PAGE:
When Beatrice Becette is not writing, producing, editing, or developing content for National Geographic or award-winning production company Blue Chalk Media, she works on her short-form YouTube series for kids called “Smarti B”. Before she found success as a producer, she was one of some 240 students attending Solebury School.
In 2008, Becette came to the Pennsylvania countryside, where Solebury is nestled. The school gave her what she was looking for growing up — the opportunity to cultivate her creative interests. “Solebury allowed and encouraged me to be me,” she says. “I was able to explore any and all subjects I liked and was given the freedom to express my creativity in my school work like making a music video about the digestive system for my biology final, or rapping about Hamlet for an English project.”
Liv Colbert, a current student at Solebury, agrees: “Solebury does such a good job at pushing you without you knowing you’re being pushed. I started being involved in all these new things and enjoying the experience without knowing it was Solebury that was giving me the shove that I needed.”
The 140-acre campus offers the best of both worlds — it is dotted with meadows, woodlands, a meandering stream and a pond but also just an hour or two away from the bustling cities of New York and Philadelphia. For its students however, the campus is more than just green grounds — it is an environment where students of all races, nationalities, religions, genders, and sexual orientations are welcome.
“When I got here, the first thing that struck me was how nice the people were. But you get to learn that it’s part of the Solebury community. It’s how they roll. It’s saying hi to you when you walk, giving you a small smile. It’s all part of the tradition and the culture,” Perry Udahemuka, who hails from Rwanda, recalls.
Solebury to him is not just a school, but a small community. The school prefers to keep it that way in order to celebrate individuality and harness every student’s potential. For example, class sizes average at around 11 students here. This way, parents, teachers, and students can all join together and foster quality communication in anything related to the education the Pennsylvanian day and boarding school provides. This includes over 50 arts electives, 35 sports and after-school activities, and 33 AP and Honours courses.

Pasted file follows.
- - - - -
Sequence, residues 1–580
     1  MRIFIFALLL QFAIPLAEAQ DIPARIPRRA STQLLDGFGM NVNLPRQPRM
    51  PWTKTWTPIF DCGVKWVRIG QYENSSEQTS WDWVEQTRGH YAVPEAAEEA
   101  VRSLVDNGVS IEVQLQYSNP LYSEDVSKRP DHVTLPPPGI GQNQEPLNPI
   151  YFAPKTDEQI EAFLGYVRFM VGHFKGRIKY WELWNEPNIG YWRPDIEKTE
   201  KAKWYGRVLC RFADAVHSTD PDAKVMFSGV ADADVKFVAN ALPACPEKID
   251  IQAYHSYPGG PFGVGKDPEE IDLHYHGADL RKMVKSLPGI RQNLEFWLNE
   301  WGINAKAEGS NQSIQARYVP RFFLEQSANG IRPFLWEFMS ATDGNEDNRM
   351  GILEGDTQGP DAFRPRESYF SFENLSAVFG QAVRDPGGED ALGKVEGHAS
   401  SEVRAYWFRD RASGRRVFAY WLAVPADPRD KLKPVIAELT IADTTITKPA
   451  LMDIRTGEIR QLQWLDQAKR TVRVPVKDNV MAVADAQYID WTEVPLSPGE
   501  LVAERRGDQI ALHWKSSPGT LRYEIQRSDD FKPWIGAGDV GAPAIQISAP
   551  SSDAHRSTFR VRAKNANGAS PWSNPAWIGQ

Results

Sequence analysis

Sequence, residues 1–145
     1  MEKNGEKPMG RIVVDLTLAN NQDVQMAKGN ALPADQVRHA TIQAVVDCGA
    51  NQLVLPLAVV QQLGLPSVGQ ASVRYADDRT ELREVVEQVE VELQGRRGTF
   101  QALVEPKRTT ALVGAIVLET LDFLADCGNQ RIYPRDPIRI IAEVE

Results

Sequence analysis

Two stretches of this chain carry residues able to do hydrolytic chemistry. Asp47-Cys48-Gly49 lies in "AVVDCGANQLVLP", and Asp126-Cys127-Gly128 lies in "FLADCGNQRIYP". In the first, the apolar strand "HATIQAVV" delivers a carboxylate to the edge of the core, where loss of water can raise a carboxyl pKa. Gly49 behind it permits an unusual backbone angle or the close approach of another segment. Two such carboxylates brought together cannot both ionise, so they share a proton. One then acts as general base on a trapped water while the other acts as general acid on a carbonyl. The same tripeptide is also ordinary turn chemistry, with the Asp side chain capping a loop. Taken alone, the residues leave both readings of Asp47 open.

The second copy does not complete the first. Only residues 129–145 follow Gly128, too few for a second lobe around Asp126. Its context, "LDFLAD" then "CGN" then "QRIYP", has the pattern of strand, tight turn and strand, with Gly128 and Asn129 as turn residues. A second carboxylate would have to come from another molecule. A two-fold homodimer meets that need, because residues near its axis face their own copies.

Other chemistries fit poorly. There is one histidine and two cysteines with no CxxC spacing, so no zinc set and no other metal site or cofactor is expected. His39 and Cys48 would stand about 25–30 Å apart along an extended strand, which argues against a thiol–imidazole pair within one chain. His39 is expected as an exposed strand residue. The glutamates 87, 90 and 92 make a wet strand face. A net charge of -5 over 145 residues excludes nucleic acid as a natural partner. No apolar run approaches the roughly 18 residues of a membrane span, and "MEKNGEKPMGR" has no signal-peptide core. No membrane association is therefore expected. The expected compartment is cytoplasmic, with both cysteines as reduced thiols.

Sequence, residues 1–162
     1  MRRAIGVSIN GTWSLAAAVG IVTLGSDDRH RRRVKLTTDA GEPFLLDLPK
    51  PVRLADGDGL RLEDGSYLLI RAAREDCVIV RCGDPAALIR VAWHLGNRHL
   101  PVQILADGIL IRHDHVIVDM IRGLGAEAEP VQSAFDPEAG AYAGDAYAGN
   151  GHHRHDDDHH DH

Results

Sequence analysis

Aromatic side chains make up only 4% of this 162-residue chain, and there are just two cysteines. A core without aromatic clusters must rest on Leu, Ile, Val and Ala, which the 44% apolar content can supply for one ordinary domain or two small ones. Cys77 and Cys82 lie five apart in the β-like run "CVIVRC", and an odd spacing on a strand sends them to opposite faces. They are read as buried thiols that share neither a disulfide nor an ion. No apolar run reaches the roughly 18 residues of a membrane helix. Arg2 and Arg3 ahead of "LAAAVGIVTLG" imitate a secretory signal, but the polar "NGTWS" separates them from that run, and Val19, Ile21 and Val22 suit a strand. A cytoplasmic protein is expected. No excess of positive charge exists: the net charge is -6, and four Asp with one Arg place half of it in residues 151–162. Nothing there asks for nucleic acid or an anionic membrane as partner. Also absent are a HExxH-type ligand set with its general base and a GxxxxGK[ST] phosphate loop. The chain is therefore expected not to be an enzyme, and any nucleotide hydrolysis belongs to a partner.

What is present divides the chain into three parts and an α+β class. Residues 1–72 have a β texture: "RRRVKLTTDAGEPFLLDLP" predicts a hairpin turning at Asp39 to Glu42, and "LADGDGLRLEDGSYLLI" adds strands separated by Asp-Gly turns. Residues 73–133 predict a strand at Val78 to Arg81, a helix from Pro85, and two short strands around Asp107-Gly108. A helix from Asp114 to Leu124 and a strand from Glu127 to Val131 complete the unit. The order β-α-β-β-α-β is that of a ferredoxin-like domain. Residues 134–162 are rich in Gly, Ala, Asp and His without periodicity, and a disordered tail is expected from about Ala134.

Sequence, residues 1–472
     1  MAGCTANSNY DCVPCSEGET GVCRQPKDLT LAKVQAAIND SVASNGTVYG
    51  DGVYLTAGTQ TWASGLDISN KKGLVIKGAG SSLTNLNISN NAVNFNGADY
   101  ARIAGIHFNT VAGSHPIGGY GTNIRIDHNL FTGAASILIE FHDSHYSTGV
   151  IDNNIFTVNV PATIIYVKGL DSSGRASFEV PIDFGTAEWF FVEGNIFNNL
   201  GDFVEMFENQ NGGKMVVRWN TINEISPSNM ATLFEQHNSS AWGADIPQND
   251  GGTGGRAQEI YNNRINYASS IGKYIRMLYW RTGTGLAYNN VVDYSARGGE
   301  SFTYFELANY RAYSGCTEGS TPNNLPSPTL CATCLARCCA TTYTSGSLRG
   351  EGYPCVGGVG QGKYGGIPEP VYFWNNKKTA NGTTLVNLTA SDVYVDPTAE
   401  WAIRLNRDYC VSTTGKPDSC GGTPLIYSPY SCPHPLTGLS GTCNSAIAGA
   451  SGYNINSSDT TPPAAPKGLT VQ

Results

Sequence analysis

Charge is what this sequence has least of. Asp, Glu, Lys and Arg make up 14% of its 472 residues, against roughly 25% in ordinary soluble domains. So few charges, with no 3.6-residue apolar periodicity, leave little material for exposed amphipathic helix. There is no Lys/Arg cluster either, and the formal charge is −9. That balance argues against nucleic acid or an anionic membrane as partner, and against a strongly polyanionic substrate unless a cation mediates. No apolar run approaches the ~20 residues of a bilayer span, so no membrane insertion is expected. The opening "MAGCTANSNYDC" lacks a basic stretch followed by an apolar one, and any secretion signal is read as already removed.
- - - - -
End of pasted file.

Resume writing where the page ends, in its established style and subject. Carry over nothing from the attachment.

Cooper McKim, former Solebury student and Podcast Producer for A+E Networks (and previously Sports Illustrated), believes that the small class sizes helped him become more confident. “There were many opportunities to be a leader, whether it was through clubs, sports teams, or academically. Leading clubs, in particular, was a good chance for me to learn to organise, work with other students and teachers in a new way, and be uniquely creative.”
All in all, Solebury provides balance in the sense that any student can fulfill their intellectual curiosities but also pursue their passions outside of the classroom. They feel comfortable to do so due to the tight-knit and supportive international community that exists within the school.
“I learned the value of community, which is where I found my voice. The students and teachers who surrounded me are what made my classes, boarding experience, and extracurricular commitments memorable,” Alliyah Allen explains. “I wouldn’t be who I am today without the love, insight, and support I received from my Solebury family, and for that, I am truly grateful.”
During Allen’s time at Solebury, she helped create safe spaces such as Teach2Serve, Black Friday, Girl Forward, and Diversity Club where students could share their two cents and push for change. To her, creating those spaces were vital to show that you can come as you are to the table, speak vulnerably, challenge others, and still feel accepted by the community.
Such a holistic view towards education is what spurs Solebury graduates to go on to do great things like become a reporter, or co-found a visual art collective that supports local artists. What helps the most in aiding student success beyond Solebury is the layout of the institution, which is shaped like a campus.
“You quickly get a sense of how this is like a college campus. Students are walking in and out of buildings all day to go from one place to another and they stop and throw a frisbee with somebody before they go to the next class,” comments Steve Buteux, Associate Head at Solebury School.
Boarders at Solebury are safe and sound in their new home away from home too — lifelong friendships are made not just with fellow students, but also faculty members who live in the dorms. Becoming a boarder means that you automatically join an extended international family that works, lives, and experiences Solebury together.
“Being able to go to a boarding school allowed me the chance to meet people from all over the world. I’ve made friends from Switzerland, South Africa, China, and even South Korea,” says Erik Daughterman, another student lucky enough to attend Solebury.